Now, if only Mom could get her life back on track . . . .
EZ drifted off to sleep . . . .
As Lukas walked into his house, he saw his mother lying on the couch in the living room and watching TV — as usual.
“Hi, Mom! We won the game!” He threw his kit bag in the closet.
“That’s great,” came the subdued reply. “Your supper’s on the stove.”
“They fed us,” stated Lukas.
“Well, what am I supposed to do with your supper?” she snapped.
“Mom, you’re so crabby. Didn’t you hear me? We won the game. I scored two goals!”
“Yeah, I heard you, but we can’t waste our food.”
Lukas stared at the pots on the stove and shouted, “I hate beans and potatoes anyway! I’m sick of them! Why can’t we ever have anything good?”
“We’re on welfare, Lukas — remember? Money’s tight!”
“Watch your mouth, Lukas! You might get your wish sooner than you think. Social Assistance sent me a letter last week. They want me to start looking for work, and get off welfare. And if I start a job and then it doesn’t work out, what are we going to do? We’ll be cut off!” She started to cry.
Oh, no. She’s crying again! Lukas decided to just go to his room. SLAM!
When Danny arrived home, he wanted to tell his dad all about the game, but he was drunk. Danny was hit by a wall of whiskey odour as soon as he opened the door and walked into the kitchen. He detested that smell! He tried to talk with his dad, but he was too busy watching some stupid reality show, and just mumbled something nonsensical.
Danny strolled through the small house and looked at his fave carvings. He touched some of them. Hanging on the wall and sitting on shelves were eagles, bears, whales, and other animals. These creatures always made him feel confident. They were his friends. He would often imagine that he was an eagle or a bear or a killer whale, especially when he played soccer.
His dad was Mi’kmaq First Nation, and his mom was Songhees First Nation from Victoria, B.C. His parents had met at a conference in Toronto, and they were super-talented artists — they used to carve a lot. In fact, his mom introduced his dad to West Coast Art. But after they got separated, his dad drank more and more, and then he totally stopped carving. Danny didn't talk about it, but he promised himself that he would never, ever drink.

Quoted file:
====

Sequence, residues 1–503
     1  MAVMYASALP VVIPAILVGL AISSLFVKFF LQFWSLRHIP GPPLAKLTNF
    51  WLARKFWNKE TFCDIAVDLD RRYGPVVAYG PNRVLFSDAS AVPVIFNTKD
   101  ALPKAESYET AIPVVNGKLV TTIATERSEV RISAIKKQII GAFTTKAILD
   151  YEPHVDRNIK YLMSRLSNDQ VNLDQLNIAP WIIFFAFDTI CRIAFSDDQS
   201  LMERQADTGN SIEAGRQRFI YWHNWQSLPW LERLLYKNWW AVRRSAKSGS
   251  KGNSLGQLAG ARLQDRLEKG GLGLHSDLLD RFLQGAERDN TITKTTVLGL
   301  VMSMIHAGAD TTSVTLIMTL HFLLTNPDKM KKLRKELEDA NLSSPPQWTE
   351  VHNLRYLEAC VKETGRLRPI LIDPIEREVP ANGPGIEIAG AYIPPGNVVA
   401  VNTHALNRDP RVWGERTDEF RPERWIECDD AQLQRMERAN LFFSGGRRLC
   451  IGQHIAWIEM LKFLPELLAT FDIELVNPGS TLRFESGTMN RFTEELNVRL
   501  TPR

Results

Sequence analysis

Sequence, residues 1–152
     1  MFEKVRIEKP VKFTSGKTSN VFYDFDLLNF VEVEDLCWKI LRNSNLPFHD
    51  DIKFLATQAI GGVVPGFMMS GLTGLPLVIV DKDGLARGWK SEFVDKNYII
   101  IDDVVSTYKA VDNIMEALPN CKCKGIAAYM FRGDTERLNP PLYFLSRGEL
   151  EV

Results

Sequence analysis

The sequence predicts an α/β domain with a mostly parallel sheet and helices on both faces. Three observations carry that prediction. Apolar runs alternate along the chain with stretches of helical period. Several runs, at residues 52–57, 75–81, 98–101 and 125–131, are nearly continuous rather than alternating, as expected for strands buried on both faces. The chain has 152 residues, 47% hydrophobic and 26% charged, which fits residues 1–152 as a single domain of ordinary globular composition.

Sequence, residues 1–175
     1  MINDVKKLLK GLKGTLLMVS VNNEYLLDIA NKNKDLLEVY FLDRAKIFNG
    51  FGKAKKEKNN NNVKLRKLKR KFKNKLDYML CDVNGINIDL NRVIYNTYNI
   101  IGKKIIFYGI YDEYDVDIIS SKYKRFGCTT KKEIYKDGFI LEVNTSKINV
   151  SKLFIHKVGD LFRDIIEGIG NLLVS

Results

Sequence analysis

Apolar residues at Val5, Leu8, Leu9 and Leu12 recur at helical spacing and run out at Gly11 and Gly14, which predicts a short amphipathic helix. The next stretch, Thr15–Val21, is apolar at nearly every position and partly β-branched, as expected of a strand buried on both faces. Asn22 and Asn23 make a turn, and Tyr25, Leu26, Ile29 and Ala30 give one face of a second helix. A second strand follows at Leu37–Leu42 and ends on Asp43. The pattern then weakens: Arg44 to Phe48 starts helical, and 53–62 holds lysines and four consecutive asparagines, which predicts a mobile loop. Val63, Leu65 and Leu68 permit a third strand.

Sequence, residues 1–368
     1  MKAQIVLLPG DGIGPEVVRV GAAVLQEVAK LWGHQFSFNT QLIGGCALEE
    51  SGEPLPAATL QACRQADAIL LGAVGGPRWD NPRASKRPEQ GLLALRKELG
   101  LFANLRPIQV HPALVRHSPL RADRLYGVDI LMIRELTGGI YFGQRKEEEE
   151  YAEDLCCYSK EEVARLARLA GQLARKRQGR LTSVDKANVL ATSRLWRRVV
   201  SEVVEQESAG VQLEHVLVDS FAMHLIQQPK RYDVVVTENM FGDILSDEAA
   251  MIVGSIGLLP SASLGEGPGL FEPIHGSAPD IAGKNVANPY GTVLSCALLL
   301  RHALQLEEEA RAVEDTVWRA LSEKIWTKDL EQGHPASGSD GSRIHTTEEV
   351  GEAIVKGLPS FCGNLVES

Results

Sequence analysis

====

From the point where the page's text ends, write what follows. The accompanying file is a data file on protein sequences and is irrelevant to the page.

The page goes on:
Danny looked in the fridge and cupboards to see if there was anything to snack on. In the fridge, nothing — a tiny bit of milk, some Pepsi, a chunk of partially wrapped, mouldy, old cheese. In the cupboards, a few stale crackers and a small amount of peanut butter.
Danny thought about the team trip to Subway after the game. Fred and Eileen are awesome. Devoured — one foot-long roast beef sub! Mmmm. That was so good. At least my stomach won’t growl tonight . . . .
Why did Colin make us promise not to steal anymore? That’s so unfair. That’s how we get munchies. Everyone steals in this hood — including some parents.
He said good-night to his dad and went to his room to read comic books. As he closed his door, he picked up one of his few treasures; the framed picture of his mom that sat on his dresser. The photo was from eight years ago — the last time he had seen her.
The StrikerZ - Bring it on! by Randall James / History & Fiction have rating 4.5 out of 5 / Based on18 votes